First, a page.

4. Finally, make the appeal for your causeOnce these women have made the right connections, and have had the right coaching and advice, they often feel a new excitement about what their wealth can accomplish in the world. Speak with them about how they give of their resources—often both time and money—and make the case for why your cause is worth it! Women today make up just under half of the nation’s millionaires. Over the next 20 years, through divorce, the death of a spouse, or inheritance, American women will control some $25 trillion dollars. This shift in wealth creates an incredible opportunity for much good to be done in the world. In my practice, I have seen that most women consider themselves to be philanthropic, and charitable organizations would be well served to provide opportunities for these women to flex their charitable muscles!Here are my tips on how to approach women who are taking the reins of their wealth for the first time, often in a crisis:1. Approach donors with empathyMajor life transitions such as the death of a spouse, divorce, and even retirement, can take a deep emotional toll, often forcing women to take more control of their financial life. Some may be prepared, but many are not. She will need time before she is ready to give to your organization as she learns how much money she has, where it is, and whether she and her family are going to be secure for the long run.2. Show her the good you doThe fact is, women think about money differently than men. As a group, women tend to be more concerned with the ultimate purpose of money rather than with an investing strategy and performance numbers. They first want to know that their money will securely carry themselves and their families through the future. After that, many women want to use their money to effect change in the world. Before you ask for money, show donors how the funds you do have are making an impact and demonstrate the good you’re already achieving.3. Invest time and support to build a long-term partnershipThere is a vast difference between winning a check from a one-time donor and building a long-term relationship with a philanthropist who is going to be dedicated to your cause for years to come. If you want a donor to partner with you over time, you should invest in them and make them feel appreciated, too. Before seeking contributions from women in transition, set your organization apart by encouraging her to seek wise counsel that can help her navigate the decisions of her new life. Charlie Jordan is a Certified Financial Planner™ practitioner and partner with Brightworth in Atlanta. He advises high-net-worth clients—particularly women—in investment management and tax and estate planning and he works closely with them to establish plans for their charitable giving. He is also on the board of the Georgia Planned Giving Council.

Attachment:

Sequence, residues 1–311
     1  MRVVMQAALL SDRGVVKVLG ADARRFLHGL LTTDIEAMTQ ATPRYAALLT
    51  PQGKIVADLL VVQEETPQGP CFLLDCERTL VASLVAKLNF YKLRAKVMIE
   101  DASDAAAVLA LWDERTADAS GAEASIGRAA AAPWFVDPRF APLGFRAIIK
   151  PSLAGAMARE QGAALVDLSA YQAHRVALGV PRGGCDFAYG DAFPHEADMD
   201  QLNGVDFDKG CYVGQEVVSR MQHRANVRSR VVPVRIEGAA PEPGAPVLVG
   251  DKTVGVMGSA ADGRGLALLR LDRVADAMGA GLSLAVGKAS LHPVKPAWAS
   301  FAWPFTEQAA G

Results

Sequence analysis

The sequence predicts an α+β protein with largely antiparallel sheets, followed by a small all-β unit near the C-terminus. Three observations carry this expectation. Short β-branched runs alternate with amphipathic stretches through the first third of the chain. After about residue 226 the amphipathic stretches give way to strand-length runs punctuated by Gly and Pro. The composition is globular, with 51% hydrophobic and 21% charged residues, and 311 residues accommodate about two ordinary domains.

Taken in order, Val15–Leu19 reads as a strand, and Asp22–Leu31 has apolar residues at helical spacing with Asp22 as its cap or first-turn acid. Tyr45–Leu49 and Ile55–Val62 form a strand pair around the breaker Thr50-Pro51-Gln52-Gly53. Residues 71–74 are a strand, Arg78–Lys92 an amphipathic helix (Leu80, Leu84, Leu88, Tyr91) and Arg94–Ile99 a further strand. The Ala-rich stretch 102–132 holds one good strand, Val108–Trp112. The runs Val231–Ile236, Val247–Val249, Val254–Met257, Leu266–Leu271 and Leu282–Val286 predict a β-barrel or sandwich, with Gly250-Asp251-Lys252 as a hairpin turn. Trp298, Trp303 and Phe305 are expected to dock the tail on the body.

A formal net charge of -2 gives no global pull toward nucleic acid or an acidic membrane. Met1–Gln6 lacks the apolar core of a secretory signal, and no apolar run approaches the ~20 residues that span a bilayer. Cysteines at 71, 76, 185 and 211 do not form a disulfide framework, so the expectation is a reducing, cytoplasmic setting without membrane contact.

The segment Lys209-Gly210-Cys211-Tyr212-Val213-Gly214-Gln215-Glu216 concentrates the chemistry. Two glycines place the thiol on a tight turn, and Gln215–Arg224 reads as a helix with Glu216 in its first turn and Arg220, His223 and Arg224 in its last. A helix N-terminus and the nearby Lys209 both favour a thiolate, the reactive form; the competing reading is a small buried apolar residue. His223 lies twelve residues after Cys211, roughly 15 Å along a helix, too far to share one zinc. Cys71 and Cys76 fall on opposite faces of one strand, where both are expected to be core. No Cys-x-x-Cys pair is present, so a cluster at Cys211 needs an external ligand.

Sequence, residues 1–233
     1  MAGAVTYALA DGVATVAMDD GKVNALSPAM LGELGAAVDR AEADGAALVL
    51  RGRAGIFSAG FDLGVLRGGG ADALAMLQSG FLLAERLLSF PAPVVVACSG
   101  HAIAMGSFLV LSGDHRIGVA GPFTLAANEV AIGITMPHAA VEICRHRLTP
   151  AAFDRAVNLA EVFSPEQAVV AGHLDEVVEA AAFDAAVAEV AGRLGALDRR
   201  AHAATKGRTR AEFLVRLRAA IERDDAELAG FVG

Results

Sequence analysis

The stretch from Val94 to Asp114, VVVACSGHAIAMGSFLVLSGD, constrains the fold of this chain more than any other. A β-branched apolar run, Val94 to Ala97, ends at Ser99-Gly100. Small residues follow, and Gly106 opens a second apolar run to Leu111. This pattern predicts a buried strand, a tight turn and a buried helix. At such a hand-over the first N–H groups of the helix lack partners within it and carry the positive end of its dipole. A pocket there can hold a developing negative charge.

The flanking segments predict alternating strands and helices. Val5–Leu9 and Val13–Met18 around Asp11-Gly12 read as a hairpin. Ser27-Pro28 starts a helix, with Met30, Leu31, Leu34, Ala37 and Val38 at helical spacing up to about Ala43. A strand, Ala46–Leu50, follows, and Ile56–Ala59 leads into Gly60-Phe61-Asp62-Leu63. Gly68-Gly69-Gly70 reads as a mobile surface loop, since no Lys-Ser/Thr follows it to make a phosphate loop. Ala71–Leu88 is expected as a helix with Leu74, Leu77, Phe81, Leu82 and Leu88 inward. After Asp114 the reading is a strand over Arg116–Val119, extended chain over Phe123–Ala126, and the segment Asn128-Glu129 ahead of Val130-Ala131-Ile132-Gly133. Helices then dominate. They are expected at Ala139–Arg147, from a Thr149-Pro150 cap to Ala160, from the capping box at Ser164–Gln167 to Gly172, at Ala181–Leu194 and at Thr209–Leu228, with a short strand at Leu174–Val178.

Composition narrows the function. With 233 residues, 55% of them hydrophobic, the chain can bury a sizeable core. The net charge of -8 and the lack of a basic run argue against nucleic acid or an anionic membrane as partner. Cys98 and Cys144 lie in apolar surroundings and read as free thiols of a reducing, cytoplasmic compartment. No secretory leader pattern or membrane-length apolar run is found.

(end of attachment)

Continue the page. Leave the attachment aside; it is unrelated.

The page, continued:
After a monster giving day, you may want to just spend a week recovering from all the work and excitement of the event. That said, the real opportunity lies not just in the donations and new donors acquired on the day itself, but rather in the long-term potential of these supporters. Here are five things to do that will help you harness the momentum of your giving day: 1. Get out the thank you. If you haven’t yet, send that thank you ASAP. 2. Examine donor information and behavior. Do these donors look different than your normal annual fund supporters? Did your existing donors give in new ways? Analyzing these details will help you understand how giving days fit into your overall fundraising strategy.3. Determine which methods resulted in the most support. Look at your promotional efforts and rate how they performed. If you had supporters and volunteers helping to raise funds, pinpoint who had the most influence and be sure to cultivate them as champions of your work.4. Have a special orientation plan for donors you acquired during your giving day. It’s likely that these new donors aren’t as familiar with your organization as other prospects. Create a welcome series to introduce your work and let these new supporters know why your community is so special.5. View this webinar. While vital, perfecting the art of donor relationships isn’t easy. This on-demand webinar presentation features the Donor Relations Guru herself, Lynne Wester, who offers tips that will help you think through your communications and stewardship plans.